Mirai, The Internet of Things Bot, Goes Open Source

Gameover Botnet Visualization
Gameover, a family of malware used to carry out denial of service attacks was spun out of the Zeus malware after its source code was published online. (Image courtesy of Dell Secureworks.)

In-brief: The code for malicious software that is behind a worldwide network of compromised cameras and home routers has been released on the Internet, a move that may lead to a rapid increase in use of the software.

The code for malicious software that is behind a worldwide network of compromised cameras and home routers has been released on the Internet, a move that may lead to a rapid increase in use of the software.

The website KrebsonSecurity reported on Saturday that the code for Mirai was released on Hackforums, an English language hacking community. The site does not offer proof that the leaked code is for the Mirai botnet. However, there are reports of Mirai infections hitting connected devices including surveillance cameras and home routers in recent weeks.

Reporting on KrebsonSecurity, Brian Krebs wrote on Saturday that the alleged source code dump was the work of Hackforums member with the handle Anna-senpai. A message accompanying the post said that the code was being released because “I made my money, there’s lots of eyes looking at IOT now, so it’s time to GTFO.”

Hundreds of thousands of devices infected with the Mirai software are believed to be responsible for launching the largest distributed denial of service (DDoS) attack against Krebs’ website and other targets, such as the French hosting firm OVH. Those attacks weighed in at more than 600 Gigabits per second (Gbps), far larger than the previous high water mark for DDoS. Security experts believe that the devices are often connected to the Internet and protected only by a default administrator account and password. That makes it easy for the malware to spread between devices. A post by Johannes Ulrich at The SANS Institute on Sunday said that a vulnerable DVR connected to the Internet with default credentials is attacked within a minute or so of coming online.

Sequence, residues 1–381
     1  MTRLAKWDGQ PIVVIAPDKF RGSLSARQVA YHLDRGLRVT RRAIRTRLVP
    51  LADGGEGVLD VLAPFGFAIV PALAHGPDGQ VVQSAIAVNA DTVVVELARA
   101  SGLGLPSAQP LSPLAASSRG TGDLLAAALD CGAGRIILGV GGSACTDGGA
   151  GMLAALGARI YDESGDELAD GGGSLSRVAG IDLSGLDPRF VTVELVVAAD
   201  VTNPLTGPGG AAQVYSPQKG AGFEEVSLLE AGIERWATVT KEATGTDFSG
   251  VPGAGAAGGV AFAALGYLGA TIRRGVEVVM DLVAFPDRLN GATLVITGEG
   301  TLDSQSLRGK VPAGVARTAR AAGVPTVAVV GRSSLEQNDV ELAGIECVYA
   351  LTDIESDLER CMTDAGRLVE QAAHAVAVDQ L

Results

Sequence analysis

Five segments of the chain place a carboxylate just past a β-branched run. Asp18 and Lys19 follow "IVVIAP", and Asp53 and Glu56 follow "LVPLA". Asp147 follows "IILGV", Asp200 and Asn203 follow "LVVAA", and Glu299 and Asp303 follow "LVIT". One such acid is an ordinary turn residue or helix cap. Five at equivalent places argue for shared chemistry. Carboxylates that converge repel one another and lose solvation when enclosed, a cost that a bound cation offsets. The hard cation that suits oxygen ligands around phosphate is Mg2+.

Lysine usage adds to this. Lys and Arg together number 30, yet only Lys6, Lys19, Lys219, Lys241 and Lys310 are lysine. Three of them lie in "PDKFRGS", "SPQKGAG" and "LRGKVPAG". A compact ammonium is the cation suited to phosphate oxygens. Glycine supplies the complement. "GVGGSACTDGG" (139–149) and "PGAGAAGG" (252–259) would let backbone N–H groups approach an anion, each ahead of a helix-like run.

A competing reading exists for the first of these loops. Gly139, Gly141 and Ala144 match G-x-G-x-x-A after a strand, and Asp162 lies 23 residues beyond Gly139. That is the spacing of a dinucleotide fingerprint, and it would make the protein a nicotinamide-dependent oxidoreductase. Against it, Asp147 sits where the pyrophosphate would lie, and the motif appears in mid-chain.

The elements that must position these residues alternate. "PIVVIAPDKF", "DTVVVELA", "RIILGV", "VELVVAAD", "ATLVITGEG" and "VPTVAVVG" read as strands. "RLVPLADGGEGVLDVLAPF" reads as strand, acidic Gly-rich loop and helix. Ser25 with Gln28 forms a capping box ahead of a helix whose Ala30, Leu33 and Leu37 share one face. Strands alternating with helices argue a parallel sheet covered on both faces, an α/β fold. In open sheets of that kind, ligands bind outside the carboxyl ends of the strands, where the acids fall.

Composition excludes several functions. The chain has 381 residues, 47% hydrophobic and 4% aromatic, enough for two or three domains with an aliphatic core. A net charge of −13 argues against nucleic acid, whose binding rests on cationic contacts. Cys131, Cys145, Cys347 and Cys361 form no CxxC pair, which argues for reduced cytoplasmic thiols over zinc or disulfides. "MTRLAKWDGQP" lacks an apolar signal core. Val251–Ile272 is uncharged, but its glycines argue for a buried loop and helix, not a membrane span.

In the wake of the high profile attacks on Krebs’ website and other targets, the Mirai author said that life had become harder. “With Mirai, I usually pull max 380k bots from telnet alone. However, after the Kreb [sic] DDoS, ISPs been slowly shutting down and cleaning up their act. Today, max pull is about 300k bots, and dropping.”

Mirai isn’t the first malware family to have its source code released to the public. The Limbo Trojan was first released as an open source project in 2009. And, in 2011, the source code for the Zeus (or Zbot) malware was posted online, as well. That led to a massive expansion of the use of Zeus and, eventually, to the creation of whole new branches of the Zeus family, such as Dyre and Gameover, which are also open source.

In some instances, security researchers have also released proof of concept malware as open source. For example, in 2014, researchers Adam Caudill and Brandon Wilson published the source code to their own version of Karsten Nohl and Jakob Lell’s BadUSB malware and published it to Github. And, in February, the Turkish security group Oktu Sen published the source code for a piece of proof-of-concept ransomware dubbed “Hidden Tear.” Though intended to be used for educational purposes, Hidden Tear was quickly adopted by cyber criminal groups, researchers the the firm Trend Micro reported.

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